The industries that employ the largest number of Licensed Practical Nurses and Licensed Vocational Nurses and offer the highest wages include nursing care facilities – $43,590; hospitals -$40,250; physician’s office, $37,480; home health care services – $42,550; and elderly care facilities – $42,270.
The annual salaries for LPNs and LVNs vary greatly by state. It is important that nursing professionals know the salaries by state so that they can determine the location that they want to work after graduating. The states that currently offer the highest annual wages are Massachusetts – $48,180; Connecticut – $46,890; District of Columbia – $45,450; Delaware – $41,460; New Jersey – $41,240; and Maryland – $40,600.
LPN/LVN Job Outlook
Those who want to become LPNs and LVNs are choosing a wonderful career to enter. These positions are expected to grow faster than the average of all other professions. The greatest numbers of opportunity are in home healthcare services and nursing care facilities. Experience and credentials play a huge factor in the number of opportunities these nursing professionals have.
By the year 2018, the employment opportunities for LPNs and LVNs are expected to increase to 22%, creating thousands of jobs for qualified nursing professionals. Much of the increase expected in this nursing profession comes from a greater demand for healthcare services and an increase in the elderly population. Elderly patients are more prone to illnesses and injuries so the demand for LPNs and LVNs will increase to reflect this demand.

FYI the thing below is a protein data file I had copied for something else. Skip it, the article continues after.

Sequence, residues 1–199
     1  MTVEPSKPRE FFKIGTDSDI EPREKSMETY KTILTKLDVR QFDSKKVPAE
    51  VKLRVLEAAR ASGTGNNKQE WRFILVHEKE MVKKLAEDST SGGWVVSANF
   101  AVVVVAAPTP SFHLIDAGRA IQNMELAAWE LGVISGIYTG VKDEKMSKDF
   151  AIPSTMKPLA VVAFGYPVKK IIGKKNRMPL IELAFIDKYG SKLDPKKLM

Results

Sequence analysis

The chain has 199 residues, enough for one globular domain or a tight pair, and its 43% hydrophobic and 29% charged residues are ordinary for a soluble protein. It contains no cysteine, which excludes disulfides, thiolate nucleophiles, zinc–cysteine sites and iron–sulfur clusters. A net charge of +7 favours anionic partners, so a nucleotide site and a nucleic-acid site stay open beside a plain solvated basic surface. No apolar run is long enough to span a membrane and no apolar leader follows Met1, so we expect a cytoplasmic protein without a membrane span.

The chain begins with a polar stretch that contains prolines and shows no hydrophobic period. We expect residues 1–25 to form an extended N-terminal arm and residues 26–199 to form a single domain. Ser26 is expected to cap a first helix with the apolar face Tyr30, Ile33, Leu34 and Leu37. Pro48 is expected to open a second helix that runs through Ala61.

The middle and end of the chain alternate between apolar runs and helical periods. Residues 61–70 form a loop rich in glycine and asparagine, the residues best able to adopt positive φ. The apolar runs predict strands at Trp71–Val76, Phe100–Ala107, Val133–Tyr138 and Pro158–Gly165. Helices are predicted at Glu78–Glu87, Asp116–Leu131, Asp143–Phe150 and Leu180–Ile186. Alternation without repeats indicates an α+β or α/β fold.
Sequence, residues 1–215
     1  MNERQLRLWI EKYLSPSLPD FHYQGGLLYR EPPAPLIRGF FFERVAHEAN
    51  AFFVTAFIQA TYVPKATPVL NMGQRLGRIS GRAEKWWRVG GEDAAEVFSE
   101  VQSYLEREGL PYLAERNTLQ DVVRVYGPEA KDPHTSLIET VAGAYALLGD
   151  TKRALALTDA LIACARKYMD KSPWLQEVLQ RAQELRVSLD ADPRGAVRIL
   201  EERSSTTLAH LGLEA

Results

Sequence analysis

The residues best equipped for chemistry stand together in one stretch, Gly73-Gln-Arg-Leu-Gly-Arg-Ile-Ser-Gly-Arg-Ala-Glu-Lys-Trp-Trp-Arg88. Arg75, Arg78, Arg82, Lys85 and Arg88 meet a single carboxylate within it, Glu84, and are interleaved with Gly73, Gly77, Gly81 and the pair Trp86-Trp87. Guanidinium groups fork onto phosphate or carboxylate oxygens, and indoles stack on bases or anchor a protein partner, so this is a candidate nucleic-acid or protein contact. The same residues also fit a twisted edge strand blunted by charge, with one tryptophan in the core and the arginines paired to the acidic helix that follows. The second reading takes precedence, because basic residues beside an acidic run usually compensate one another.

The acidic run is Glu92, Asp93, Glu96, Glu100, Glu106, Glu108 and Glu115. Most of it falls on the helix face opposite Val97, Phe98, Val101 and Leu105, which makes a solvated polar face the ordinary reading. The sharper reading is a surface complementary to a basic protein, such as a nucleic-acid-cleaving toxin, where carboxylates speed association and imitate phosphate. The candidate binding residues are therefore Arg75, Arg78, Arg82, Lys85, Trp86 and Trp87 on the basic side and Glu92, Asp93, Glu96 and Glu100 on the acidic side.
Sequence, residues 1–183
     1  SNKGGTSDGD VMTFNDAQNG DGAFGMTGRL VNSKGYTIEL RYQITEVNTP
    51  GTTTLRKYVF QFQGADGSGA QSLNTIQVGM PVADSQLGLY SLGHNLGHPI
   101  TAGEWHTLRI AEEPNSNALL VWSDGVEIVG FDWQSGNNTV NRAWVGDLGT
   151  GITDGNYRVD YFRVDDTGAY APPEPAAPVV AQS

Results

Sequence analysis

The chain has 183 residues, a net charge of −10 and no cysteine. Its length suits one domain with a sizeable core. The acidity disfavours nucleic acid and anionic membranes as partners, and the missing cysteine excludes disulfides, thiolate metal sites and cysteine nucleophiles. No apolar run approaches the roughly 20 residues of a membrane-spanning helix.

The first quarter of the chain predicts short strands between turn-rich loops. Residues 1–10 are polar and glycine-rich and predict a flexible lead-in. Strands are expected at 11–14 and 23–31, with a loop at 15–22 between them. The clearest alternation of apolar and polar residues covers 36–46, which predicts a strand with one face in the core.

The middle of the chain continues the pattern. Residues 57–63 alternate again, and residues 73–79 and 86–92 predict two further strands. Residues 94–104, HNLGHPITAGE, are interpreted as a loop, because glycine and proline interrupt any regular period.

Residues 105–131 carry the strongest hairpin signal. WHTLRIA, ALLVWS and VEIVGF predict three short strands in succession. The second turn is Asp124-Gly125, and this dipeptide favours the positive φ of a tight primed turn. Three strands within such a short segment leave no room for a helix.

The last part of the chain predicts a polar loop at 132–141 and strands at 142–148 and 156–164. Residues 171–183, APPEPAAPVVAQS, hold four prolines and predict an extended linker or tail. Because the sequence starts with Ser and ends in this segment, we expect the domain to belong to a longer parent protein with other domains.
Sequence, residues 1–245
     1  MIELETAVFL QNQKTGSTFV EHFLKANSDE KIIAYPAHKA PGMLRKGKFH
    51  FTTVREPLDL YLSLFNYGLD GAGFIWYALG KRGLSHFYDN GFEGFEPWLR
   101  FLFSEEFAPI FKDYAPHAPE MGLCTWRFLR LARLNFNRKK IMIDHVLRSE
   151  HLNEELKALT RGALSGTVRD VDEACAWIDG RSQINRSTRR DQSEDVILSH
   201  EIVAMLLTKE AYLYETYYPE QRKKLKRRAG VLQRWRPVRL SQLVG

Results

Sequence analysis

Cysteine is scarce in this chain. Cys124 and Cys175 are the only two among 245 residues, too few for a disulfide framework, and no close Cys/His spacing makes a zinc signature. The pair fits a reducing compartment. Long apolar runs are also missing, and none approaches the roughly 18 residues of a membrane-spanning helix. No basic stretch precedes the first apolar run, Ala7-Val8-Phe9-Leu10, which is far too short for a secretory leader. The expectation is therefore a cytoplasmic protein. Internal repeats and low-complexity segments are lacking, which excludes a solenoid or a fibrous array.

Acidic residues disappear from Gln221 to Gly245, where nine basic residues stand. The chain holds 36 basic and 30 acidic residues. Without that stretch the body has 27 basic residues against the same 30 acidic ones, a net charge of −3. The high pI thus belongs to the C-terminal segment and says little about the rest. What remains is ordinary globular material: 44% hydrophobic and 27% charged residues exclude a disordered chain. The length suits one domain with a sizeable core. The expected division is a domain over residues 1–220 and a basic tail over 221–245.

Advancements in technology will also play a role in the increase in demand. For those who are living longer, long-term healthcare is important to their daily lives. Job growth in settings that service geriatrics—such as community care facilities, nursing care facilities, and home healthcare services—will experience the significant increase.
LPNs and LVNs will also experience an increase in positions due to additional medical services offered in outpatient care centers and doctors’ offices. To control healthcare costs, procedures once offered only in hospitals are now offered in outpatient center and physicians’ offices.
In addition to the significant job growth expected, additional positions will open as a result of permanent replacement needs in the healthcare industry. Additionally, the greatest number of positions is available in rural areas due to inadequate healthcare availability. The greatest number of opportunities is in hospitals although numerous other opportunities are available in other settings.
Now is a great time to become an LPN and LVN. Countless opportunities are available for those who want to a career that allows them to help others live longer, healthier lives. Nursing professionals have come a long way since the career began. Positions in the healthcare industry are among the most lucrative and there are countless opportunities for advancement. LPNs and LVNs can thrive in any setting due to their general skill set.